This week’s question comes from an experienced pastor who feels worship could use a refresher.

I have been in my current pastorate for more than a decade now (through four full lectionary cycles and part of a fifth, actually – but who’s counting?!), and I am getting tired of how we do things on Sundays. I love the ritual and rhythm of following the same form year in and year out, but I feel like our corporate worship has grown stale. Our congregation has a Worship Committee but their purview has always been the details (greeters, ushers, readers, sound, flowers, and the like) and not the big picture. They are not visionaries nor have they been charged with tending to matters of style – that has been the responsibility of the pastors and the music staff. I am interested in how to work with lay leaders towards comprehensive worship renewal, rather than it being only a responsibility of staff. 

How do you renew your congregation’s worship? I am interested in hearing not only specific worship ideas (new hymnals, new music sources, changes to the order of worship, changes to the physical space, changes to your homiletic approaches) but also in procedure/process – how exactly did you go about beginning that process of change? If you have successfully renewed your congregation’s sense or style of worship, especially if you had been there awhile yourself before doing so (as opposed to making the changes as part of the broader and more natural rhythm of the change that comes with a new pastor), how did you do it?

We have two very helpful answers this week. The first comes from Heidi, otherwise known as revhrod, who blogs at You Don’t Have to Listen, I Just Like to Talk.

I think a lot of the process is dependent upon the personality of your congregation.  In my first parish, I was told “Pastor, we do Setting One,” which meant, don’t you dare try to do Setting Two.This was a congregation that needed to move slowly and found information from the larger church to be helpful when considering changes.  Worship renewal happened with the addition of special services at Holy Week and Advent.  Those services gave me room to plan worship that wasn’t just “Setting One.”  

My third parish was the kind that would try anything at least twice.  They learned six liturgies in a period of ten years.  However those changes were staff driven.  One area that was a joint staff and lay venture was liturgical art. Things were done seasonally and for occasions.  Materials included swaths of fabric, cut paper, greens and flowers and candles.  We created a “live” fountain in our baptismal font.  A mobile above the altar made of crystals for Epiphany. It was an environment where it was okay to say, “What if we tried this…”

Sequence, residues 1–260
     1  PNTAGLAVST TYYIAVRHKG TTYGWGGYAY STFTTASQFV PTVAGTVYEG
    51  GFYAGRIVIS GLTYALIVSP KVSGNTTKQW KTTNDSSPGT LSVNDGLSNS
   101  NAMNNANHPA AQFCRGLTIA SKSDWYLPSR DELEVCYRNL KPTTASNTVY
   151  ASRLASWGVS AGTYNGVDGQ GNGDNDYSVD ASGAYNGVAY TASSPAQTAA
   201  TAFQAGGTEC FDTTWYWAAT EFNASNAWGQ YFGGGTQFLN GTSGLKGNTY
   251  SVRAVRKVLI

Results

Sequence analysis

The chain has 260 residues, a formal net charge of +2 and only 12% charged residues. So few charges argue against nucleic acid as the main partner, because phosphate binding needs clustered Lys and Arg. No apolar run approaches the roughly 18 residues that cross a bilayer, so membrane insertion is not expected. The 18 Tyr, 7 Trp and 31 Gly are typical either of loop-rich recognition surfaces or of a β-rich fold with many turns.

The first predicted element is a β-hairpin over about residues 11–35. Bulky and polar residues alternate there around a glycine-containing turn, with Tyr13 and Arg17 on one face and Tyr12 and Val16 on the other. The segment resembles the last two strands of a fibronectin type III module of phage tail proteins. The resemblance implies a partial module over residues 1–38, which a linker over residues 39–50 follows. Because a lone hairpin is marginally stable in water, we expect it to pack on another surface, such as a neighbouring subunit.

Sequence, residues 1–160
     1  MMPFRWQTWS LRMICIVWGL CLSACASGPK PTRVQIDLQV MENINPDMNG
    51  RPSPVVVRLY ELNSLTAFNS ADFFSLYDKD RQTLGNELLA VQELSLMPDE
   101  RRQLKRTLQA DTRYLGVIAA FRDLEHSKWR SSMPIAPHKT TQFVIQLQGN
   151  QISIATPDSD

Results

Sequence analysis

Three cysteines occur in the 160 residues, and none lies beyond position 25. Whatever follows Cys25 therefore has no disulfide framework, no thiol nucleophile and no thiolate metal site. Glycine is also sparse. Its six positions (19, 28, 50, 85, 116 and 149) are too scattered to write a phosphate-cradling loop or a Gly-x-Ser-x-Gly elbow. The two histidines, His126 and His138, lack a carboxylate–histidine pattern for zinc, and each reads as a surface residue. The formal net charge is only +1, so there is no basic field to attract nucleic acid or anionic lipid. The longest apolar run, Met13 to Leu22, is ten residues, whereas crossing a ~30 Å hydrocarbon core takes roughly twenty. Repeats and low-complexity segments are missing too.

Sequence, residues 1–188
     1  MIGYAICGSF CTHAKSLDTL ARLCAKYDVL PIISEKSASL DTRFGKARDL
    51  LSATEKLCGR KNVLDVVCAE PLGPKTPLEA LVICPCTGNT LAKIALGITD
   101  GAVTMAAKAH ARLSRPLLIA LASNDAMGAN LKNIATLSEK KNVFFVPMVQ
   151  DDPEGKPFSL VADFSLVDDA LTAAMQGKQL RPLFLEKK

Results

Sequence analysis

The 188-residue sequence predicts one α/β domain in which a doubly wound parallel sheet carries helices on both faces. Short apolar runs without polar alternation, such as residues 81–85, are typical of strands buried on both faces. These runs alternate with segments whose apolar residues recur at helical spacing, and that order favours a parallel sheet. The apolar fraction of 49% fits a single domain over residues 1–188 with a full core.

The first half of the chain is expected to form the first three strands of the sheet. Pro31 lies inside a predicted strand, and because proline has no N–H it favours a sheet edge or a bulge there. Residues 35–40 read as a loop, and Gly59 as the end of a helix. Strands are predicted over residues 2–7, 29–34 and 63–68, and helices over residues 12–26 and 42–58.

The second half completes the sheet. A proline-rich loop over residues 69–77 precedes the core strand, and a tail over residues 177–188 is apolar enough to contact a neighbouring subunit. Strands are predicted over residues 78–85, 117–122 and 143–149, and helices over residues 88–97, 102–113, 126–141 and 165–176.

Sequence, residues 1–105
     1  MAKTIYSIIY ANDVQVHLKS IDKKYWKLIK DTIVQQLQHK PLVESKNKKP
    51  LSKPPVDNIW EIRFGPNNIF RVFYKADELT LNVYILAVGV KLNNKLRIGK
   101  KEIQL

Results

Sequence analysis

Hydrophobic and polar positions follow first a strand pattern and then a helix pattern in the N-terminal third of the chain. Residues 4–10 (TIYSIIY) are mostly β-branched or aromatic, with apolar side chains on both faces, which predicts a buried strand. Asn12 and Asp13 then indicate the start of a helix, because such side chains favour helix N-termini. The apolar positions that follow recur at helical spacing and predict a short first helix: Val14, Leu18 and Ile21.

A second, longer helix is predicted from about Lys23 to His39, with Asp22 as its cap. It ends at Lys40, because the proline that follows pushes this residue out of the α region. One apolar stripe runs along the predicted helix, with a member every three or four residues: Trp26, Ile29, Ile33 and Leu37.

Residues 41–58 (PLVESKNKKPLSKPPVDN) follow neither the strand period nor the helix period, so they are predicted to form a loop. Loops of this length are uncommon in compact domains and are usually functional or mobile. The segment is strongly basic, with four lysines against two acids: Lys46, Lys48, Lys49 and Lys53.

Both of these experiences have things in common.  In other words, here’s what I learned:

  • It’s easier to move the furniture if you can explain how it will enhance the congregation’s worship. Whether it’s moving the altar six inches further from the wall so you can stand behind it or going from a cathedral setting to having worship in the round, if people understand “why” they are more willing to try something new.
  • Education and information is important for creating an appetite for renewal.
  • Practice new music before the worship service begins.  Have strong singers to lead the music. Be well prepared.
  • Don’t take it personally if they don’t like it.
  • Experiment seasonally.  Let folks know that there is a start and an end to the trial run. 
  • Involve lay people not just in the planning but also the set-up.  Find opportunities for them to feel invested.
  • Help them make the connections between the things they see, hear, smell, taste and touch.

Good luck with this important work.  

Next, here are the thoughts of Ruth Everhart, who blogs at Work in Progress (aren’t we all?):

I believe that worship is the heart and soul of the church — our very reason for existence — so this is an important question. The more people you can involve in the process, the better. Perhaps a good opener is to use a tool like SurveyMonkey to ask your people about their experience, and their hopes for the future. Don’t be too serious about it. Engage them with a little whimsy. Would it be possible for folks to go out into the community in teams and “sample” other worship styles and report back? We did this in my church (under 100 in worship) and that was helpful. I preached about worship a number of times. Once I introduced Kierkegaard’s “Theater of Worship” idea and its implications. Another time I preached about John Calvin’s ideas about worship. Also, for a number of months I had Children’s Time that focused on various items used in worship (lectern/pulpit/font/table/organ/offering baskets/candles) in terms of: Why is this part of worship? Could we just get rid of it?